To manage the workload, employers have to know who will be at work and who will not. After all, when an employee isn’t at work, someone else has to step in and get the work done. Of course, employees sometimes do get sick or have emergencies. A well-crafted call-in policy can help employers cope with unexpected absences.
Colorado employers can and should have a call-in policy. They also can and should discipline employees who don’t follow the rules, up to and including discharge for not calling in or failing to show up.
That’s true even for employees who may be absent because of -covered reasons such as family illness or other emergencies. The key is to let employees know what the policy is and enforce it consistently.
Recent case: Todd Treat worked for American Furniture Warehouse and took 10 weeks of , purportedly for mental health reasons while dealing with a divorce and criminal proceedings. He returned to work with the criminal charges still pending.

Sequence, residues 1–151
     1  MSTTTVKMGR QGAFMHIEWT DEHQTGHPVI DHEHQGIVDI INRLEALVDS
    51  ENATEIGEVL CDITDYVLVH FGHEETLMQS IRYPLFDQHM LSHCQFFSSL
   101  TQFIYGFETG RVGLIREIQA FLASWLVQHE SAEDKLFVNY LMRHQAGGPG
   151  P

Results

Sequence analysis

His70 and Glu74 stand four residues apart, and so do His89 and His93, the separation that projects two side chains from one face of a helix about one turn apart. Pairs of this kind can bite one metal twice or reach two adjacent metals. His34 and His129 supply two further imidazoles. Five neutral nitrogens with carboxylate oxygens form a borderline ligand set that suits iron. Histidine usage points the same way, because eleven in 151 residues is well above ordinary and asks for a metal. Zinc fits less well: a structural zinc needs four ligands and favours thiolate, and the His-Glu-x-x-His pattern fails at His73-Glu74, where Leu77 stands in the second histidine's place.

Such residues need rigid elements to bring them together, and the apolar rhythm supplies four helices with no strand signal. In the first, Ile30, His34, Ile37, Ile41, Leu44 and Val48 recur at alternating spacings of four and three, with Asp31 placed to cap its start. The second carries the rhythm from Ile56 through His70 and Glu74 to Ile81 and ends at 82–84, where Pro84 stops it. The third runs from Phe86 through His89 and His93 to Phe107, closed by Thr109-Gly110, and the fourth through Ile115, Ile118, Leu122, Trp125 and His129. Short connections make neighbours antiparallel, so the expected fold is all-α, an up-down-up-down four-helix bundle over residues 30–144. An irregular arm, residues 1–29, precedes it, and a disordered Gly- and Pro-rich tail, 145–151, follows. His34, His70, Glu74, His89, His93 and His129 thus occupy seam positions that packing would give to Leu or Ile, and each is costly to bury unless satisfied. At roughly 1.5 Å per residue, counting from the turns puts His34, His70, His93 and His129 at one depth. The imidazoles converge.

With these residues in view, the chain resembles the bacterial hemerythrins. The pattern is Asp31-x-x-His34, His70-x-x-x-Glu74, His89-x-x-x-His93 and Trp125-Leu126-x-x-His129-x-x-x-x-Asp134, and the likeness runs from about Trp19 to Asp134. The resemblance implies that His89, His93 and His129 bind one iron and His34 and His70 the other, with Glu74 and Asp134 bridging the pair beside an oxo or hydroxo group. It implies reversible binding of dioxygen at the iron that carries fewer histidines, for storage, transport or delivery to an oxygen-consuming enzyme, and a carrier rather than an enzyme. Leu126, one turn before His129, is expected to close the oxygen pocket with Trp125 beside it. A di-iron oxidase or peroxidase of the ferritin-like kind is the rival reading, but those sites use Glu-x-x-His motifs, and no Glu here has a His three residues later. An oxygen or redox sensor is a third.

American Furniture required all employees who were going to be absent to advise their supervisors. The policy also stated that an employee absent from work for three consecutive days without authorization would be deemed to have abandoned his position. The consequence: termination.
After he returned from FMLA leave, Treat did not show up for his scheduled shifts for three days. invoked the attendance policy and terminated him. Meanwhile, Treat got a note from his health care provider that read, “Please give short term disability to [Treat] until May 1, 2005.” (Apparently, had Treat been placed on disability leave, he would have been able to plead guilty to the criminal charges against him, serve his sentence and then return to work.)
Unfortunately for Treat, American Furniture didn’t get the note until after it had decided to terminate him.
Treat sued, alleging, among other claims, that he could not be fired for not calling in. The court disagreed. It said that employers could require employees who need FMLA leave to follow their employers’ call-in and attendance policies. (Treat v. American Furniture Warehouse, No. 06-CV-02029, DC CO, 2008)
Final note: Do employers have to give FMLA leave for short prison sentences? No. In this case, Treat was trying to show that he was also suffering from a serious health condition due to the mental stress of a messy divorce and pending criminal charges. He never got that far.
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